||"dawnbreak in the west"|
Wednesday, May 31, 2017
When it's time to buy books again
Razib Khan a week or so ago, or a blog or on twitter or in a comment somewhere, mentioned that there were a lot of genomics books in the 2000s but not so many now - when it matters. But Khan said that there will be books. We just have to reach that point of diminishing-returns in new research, and to settle down to sorting out and contextualising the raw data. Like what happened with Near Eastern studies after cuneiform was deciphered. We might actually have reached that point, at least for the Near East: this article on Egypt is fully in line with what we know of the pre-Semitic populations of the eastern Mediterranean.
On topic of the Planets Beyond Our Solar System field, one of the first websites I ever visited was John Whatmough's Extrasolar Visions. It did a wonderful job depicting how the early planets might work, mostly Hot Jupiters admittedly. I really wanted a book on the topic but guess what - there wasn't one! and then Whatmough died in an accident.
For well over a decade, if you wanted to learn about exoplanets, you had to be a total aspie nerd trolling the arxiv and tweaking Wikipedia. Now, at last, you can watch youtubes and even read some books.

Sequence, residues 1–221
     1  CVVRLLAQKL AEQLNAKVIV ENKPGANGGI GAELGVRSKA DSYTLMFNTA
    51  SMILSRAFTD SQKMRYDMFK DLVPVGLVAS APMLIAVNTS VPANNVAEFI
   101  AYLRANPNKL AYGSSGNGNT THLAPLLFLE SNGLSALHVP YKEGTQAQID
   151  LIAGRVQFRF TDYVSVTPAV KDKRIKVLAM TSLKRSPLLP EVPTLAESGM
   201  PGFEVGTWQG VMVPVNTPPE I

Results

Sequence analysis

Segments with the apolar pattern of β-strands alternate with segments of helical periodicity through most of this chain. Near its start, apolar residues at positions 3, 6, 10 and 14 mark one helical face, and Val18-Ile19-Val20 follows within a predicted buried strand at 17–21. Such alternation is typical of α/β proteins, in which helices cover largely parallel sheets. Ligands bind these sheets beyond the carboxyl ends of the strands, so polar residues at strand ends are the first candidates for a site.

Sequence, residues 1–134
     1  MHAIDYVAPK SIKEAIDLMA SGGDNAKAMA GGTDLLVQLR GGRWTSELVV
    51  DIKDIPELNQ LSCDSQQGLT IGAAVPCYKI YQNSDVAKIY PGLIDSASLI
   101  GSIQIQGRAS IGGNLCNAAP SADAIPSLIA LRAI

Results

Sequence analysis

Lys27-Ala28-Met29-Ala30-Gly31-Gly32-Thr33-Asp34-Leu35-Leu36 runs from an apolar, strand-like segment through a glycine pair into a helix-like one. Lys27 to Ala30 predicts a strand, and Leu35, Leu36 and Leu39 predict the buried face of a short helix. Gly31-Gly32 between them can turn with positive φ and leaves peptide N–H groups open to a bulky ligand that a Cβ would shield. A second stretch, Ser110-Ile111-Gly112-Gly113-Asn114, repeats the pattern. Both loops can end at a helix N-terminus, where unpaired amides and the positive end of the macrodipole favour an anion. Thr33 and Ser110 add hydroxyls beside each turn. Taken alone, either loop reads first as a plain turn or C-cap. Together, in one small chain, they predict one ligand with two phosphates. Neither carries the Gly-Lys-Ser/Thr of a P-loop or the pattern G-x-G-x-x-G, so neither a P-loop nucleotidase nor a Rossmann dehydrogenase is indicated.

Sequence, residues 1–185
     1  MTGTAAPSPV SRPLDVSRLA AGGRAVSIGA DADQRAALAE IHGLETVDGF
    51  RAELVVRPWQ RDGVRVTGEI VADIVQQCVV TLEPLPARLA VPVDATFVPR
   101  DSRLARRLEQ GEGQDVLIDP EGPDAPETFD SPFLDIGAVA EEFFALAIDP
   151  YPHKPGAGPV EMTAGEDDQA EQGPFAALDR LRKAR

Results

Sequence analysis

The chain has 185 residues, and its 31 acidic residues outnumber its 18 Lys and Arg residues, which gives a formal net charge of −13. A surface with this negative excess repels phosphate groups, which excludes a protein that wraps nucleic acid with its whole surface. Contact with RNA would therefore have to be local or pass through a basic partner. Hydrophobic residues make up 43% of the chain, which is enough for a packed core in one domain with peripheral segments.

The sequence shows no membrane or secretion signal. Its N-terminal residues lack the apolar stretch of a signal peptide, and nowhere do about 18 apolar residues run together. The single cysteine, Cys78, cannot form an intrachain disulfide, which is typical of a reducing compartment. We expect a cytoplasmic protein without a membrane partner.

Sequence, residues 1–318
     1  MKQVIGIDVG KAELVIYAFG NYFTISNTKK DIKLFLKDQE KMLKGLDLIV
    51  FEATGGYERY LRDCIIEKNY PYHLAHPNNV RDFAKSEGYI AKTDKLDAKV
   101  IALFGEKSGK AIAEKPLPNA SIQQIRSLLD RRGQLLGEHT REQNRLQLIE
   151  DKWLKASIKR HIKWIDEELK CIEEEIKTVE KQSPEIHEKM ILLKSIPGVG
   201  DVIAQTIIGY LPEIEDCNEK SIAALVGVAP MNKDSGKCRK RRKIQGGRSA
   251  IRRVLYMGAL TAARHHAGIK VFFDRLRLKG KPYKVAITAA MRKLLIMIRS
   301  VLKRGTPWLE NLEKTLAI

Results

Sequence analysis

So I suspect we're approaching that horizon for genomics.
UPDATE 6/2: From Sweden 2015 - Karin Bojs, My European Family. I have so far leafed through the table of contents; it didn't look too badly out of date. Kirkus gushed over it but Kirkus is #fakereviews; I take more seriously Altenberg's review in the Wall Street Journal. So I've bought the book and will be cross-referencing it with this year's Bell Beaker data, annotating the text in the margins.
UPDATE 10/24: How, o Lord, Kirkus shall fuck off.
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